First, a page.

RALEIGH, N.C. (WNCN) – With negotiations still underway on the next COVID-19 relief bill, some unemployed workers are calling for an extension of federal unemployment benefits, which ran out last month.
Rose Nuchims, who works backstage for touring theatrical productions, has been out of work since the pandemic began. She says it could be some time next year before she’s able to return to her job.
“We have a feast or famine, if you will, kind of industry. And, the summer is our feast and it’s gone,” she said.
As part of the CARES Act, which Congress passed earlier this year, people who qualified received $600 per week in additional federal benefits on top of whatever amount they qualified to receive from the state.
In North Carolina, a person could have received as much as $950 per week. The payments were scheduled to end July 31.
Members of Congress and the Trump administration are still negotiating the next COVID-19 relief bill. Nuchims said the lapse in benefits has created uncertainty as she looks months down the road and whether she’ll have enough money to pay her bills.
“We pay into the unemployment system for this purpose, so that it does take care of us,” she said. “It’s becoming a political issue. But, it shouldn’t be a party thing. It should be we just need to fix Americans.”
The Bureau of Labor Statistics reported Friday that the nation’s unemployment rate dropped to 10.2 percent in July compared to 11.1 percent in June. Though the nation added 1.8 million jobs the report indicates the economic recovery is slowing.
In North Carolina, Gov. Roy Cooper (D) decided this week to extend phase two of the state’s reopening for five weeks. That means a variety of businesses such as bars, entertainment venues and gyms must remain closed.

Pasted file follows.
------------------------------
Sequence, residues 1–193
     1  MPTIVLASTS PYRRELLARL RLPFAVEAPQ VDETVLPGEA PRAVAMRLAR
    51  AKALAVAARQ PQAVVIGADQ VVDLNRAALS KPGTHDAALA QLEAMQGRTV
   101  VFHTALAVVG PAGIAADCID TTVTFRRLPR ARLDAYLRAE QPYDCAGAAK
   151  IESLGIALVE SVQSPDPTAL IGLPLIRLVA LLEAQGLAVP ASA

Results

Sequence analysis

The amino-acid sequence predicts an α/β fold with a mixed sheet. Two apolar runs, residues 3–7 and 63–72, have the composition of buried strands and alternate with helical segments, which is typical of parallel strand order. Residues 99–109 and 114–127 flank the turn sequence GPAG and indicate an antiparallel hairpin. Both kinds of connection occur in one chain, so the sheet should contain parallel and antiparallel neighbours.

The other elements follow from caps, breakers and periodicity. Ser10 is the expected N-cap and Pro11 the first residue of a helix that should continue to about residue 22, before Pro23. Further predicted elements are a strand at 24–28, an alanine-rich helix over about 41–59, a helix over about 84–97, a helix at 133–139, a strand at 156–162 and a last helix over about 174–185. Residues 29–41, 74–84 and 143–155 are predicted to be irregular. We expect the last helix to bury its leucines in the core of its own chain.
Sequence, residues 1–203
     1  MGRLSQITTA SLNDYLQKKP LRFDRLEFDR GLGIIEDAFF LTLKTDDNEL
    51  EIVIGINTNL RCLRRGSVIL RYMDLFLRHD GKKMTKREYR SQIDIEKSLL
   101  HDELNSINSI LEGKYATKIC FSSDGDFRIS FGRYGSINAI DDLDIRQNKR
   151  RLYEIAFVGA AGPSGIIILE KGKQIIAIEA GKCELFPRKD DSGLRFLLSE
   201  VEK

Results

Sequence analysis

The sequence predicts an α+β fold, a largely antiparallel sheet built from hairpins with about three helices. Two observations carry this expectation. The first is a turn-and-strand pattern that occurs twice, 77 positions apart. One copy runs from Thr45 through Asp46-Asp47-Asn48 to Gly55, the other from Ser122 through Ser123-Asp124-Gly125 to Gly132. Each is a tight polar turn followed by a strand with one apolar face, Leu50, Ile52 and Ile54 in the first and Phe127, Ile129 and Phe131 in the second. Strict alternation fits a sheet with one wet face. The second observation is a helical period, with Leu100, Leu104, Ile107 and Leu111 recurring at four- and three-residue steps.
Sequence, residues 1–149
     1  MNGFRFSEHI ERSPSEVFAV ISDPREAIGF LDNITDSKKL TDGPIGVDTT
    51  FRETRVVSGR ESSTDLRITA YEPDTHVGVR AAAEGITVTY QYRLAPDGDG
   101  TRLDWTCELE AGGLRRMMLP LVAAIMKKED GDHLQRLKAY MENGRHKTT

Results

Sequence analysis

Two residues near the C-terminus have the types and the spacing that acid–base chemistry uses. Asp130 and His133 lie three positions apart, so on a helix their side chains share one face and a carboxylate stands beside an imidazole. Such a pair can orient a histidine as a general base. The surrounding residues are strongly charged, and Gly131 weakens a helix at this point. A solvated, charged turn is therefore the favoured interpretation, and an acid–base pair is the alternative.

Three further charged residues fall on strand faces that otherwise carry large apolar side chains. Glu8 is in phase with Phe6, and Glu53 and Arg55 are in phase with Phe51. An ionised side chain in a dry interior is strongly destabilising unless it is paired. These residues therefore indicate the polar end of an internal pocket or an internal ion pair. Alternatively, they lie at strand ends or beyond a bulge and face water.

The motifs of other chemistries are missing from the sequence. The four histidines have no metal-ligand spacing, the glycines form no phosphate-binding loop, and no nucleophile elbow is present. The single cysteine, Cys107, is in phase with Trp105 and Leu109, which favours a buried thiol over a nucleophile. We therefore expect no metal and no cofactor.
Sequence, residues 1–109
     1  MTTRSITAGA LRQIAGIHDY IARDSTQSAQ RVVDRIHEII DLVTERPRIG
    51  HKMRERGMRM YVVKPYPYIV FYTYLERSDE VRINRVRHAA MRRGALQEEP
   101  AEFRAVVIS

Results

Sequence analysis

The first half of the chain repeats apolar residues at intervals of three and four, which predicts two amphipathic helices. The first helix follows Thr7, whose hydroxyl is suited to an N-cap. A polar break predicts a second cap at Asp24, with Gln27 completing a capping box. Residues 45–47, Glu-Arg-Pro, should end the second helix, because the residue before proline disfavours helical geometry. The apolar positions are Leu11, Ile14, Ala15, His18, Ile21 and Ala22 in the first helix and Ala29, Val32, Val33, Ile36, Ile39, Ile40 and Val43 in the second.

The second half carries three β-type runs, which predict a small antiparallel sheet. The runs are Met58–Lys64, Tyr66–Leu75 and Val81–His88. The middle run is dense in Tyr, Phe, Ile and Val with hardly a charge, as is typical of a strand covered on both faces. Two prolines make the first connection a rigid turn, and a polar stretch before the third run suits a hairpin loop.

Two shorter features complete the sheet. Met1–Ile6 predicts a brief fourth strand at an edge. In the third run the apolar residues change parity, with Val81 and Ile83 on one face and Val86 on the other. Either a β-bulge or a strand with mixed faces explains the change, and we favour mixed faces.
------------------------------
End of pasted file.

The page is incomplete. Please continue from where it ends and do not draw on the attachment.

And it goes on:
In May, the Democratic-led House of Representatives passed the HEROES Act. That bill totaled more than $3 trillion in spending and extended the $600 weekly federal unemployment benefits into the beginning of next year.
Some Republicans in the Senate have called for those payments to stop altogether while others have said they support continuing the payments at a lower amount.
In an interview Friday with CBS 17, Sen. Thom Tillis (R-North Carolina) said the federal payments should continue but at a rate such that people do not make more from unemployment benefits than they did when they were working.
“Think about the essential workers, people working, there’s an inherent unfairness with this concept of being paid more to be out of work. And, we also have to provide an incentive for people to go back to work if they can do it safely,” Tillis said.
A report released by the non-partisan Congressional Budget Office in June noted that if the $600 weekly payments were extended that about five out of six recipients would make more from unemployment benefits than they did while working.
As CBS 17 previously reported, a study by Yale found people getting more in unemployment benefits were no slower to return to work than those who received less. In some cases, the report found people getting larger payments may be quicker to return to the workforce.
“I know they’re in the lurch now because it’s expired. I believe that we’re going to pass a measure. The President’s going to act so it will be retroactive to last week, and they will have support. And, I’m working hard to make sure we give them that support,” Tillis said.
Rep. G.K. Butterfield (D-NC 1st) said he stands by his support of the HEROES Act, calling for the $600 weekly payments to continue.
“We’ve got to get money in the hands of the American people because COVID is not their fault. They are a victim of COVID-19,” he said. “Once reasonable minds prevail and once we can reach some common ground, I believe we will be putting more money in the pipeline, extending enhanced unemployment.”
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